Low Carbon Oxford North, Oxford Direct Services and Oxford City Council are supporting National Tree Week by planting trees at Cutteslowe Community Woodland on 24 November from 10.30am to 12 noon.
Volunteers will plant trees donated by the Woodland Trust under the close supervision of experts from Oxford Direct Services who will also be supplying the tools.
Cllr Councillor Tom Hayes, Board Member for Safer, Greener, Environment, said: "Oxford is a city of trees, whether they are in the parks, lining the streets, or in residents' gardens. Oxford Direct Services, on behalf of Oxford City Council, is responsible for maintaining many of them.
"We work with and support friends of parks groups, such as Lye Valley, Raleigh Park, Trap Grounds, Millham Ford and a wide range of community groups, all of whom want to make a positive impact on Oxford's environment.
“So, it’s no wonder that we are looking forward to working with LCON on this particular tree planting that will help replacing some of the trees we've lost to Ash Dieback over the last few years in the woodland.”
Oxford Direct Services has been proactive in trying to mitigate the loss of Ash trees in Cutteslowe Park which will now allow LCON room to plant a mix of native trees, such as Birch, Field Maple and Cherry to maintain the woodland cover for future generations. The trees will be maintained for up to five years to help them establish. This will involve controlling any competing grass to prevent the young trees being overrun.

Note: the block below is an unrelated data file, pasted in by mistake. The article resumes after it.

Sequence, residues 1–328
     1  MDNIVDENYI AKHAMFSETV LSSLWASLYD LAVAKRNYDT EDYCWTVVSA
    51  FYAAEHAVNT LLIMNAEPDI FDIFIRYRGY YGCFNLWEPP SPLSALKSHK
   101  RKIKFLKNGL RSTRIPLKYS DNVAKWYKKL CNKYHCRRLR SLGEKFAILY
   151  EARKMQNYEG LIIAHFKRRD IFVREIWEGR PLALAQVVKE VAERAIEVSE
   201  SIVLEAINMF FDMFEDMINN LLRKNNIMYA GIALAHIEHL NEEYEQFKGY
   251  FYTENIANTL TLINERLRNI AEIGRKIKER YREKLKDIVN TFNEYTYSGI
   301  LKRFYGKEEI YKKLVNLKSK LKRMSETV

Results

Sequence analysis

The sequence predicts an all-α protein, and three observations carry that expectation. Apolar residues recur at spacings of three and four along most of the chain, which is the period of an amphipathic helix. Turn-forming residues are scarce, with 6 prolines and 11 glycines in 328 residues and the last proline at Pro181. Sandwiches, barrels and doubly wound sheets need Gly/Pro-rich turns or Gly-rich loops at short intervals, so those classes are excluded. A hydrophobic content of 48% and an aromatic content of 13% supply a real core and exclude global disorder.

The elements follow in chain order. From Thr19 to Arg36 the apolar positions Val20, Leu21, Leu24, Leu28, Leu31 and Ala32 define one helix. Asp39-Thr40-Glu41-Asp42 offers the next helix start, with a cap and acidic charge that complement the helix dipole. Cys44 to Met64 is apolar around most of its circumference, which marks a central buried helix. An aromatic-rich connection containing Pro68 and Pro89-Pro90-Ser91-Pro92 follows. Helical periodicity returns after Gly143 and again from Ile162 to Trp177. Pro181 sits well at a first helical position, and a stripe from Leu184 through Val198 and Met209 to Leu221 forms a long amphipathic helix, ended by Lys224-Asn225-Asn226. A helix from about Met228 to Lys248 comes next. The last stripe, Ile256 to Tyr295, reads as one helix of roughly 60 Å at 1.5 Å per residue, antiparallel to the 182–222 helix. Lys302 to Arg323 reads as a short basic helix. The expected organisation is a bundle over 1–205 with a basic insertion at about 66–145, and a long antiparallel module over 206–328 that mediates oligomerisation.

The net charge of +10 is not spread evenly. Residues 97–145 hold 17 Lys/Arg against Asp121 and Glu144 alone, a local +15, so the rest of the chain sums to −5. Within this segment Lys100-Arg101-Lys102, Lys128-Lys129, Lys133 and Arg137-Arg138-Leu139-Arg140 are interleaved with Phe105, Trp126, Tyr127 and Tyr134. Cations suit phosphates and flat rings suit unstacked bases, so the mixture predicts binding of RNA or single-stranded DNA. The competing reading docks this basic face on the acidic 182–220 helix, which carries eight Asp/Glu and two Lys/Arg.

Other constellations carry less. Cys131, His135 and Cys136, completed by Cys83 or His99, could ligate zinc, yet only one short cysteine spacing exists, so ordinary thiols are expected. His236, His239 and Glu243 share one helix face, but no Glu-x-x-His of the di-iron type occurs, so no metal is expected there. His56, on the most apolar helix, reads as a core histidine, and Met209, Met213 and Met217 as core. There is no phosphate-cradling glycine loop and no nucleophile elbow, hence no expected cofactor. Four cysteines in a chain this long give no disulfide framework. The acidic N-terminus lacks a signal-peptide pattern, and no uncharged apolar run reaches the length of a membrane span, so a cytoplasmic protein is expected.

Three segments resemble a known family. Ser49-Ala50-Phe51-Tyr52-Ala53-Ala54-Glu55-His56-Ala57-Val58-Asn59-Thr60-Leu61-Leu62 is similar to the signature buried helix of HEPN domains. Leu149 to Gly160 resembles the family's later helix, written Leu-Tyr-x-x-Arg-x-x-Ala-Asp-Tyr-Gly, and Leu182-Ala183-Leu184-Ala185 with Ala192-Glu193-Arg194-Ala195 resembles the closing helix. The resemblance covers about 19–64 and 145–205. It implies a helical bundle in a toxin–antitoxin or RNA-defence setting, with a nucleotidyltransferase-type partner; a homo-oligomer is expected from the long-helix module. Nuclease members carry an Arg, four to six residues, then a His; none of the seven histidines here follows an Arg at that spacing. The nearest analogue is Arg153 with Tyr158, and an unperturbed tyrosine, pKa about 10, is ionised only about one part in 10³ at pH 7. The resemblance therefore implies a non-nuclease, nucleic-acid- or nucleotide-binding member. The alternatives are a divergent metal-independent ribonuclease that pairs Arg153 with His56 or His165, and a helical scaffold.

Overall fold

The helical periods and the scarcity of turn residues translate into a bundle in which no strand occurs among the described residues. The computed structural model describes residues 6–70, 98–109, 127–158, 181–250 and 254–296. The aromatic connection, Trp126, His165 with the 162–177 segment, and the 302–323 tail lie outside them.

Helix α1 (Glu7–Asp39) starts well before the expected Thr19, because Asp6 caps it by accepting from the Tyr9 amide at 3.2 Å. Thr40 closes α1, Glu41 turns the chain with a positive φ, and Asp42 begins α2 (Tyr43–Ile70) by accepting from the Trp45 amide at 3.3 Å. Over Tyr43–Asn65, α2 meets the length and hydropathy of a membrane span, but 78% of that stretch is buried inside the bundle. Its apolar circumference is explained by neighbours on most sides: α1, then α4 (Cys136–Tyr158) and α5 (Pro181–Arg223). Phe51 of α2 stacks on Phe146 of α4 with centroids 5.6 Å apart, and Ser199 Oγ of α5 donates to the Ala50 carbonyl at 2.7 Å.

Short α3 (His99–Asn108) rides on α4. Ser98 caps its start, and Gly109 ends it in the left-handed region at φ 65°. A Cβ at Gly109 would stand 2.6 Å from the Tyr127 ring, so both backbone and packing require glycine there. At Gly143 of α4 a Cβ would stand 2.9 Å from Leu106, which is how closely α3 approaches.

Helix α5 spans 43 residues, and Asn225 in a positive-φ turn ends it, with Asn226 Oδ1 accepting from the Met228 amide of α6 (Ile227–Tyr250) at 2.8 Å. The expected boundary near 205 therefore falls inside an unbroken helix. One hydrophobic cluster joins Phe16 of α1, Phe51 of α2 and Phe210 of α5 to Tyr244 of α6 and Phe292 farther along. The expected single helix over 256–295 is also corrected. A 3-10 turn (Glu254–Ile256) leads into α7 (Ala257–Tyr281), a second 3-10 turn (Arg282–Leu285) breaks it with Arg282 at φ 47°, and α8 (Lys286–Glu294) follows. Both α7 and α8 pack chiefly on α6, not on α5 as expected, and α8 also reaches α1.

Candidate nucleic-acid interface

Julian Cooper, Oxford Direct Services' Landscape and Countryside Supervisor, said: "We plant over 200 trees yearly across Oxford and work with a wide range of community groups, all of whom want to make a positive impact on Oxford’s environment. This is our first time working with LCON and we hope this instance will help us build a thriving relationship that sees us all playing a role in maintaining and enhancing the community woodland."
LCON Chair Alison Hill said: "Tree planting is one of the most satisfying things anyone can do to help our environment. It makes a real and lasting impact. Some of the trees we planted seven years ago are now fifteen feet high or more. Just last week the Government’s Committee on Climate Change talked about the need for the rate of tree planting to double by 2020. This matters locally and globally’.
National Tree Week runs from 24 November to 2 December. It is organised by the Tree Council annually to celebrate the tree planting season. For more information on National Tree Week visit the Tree Council website.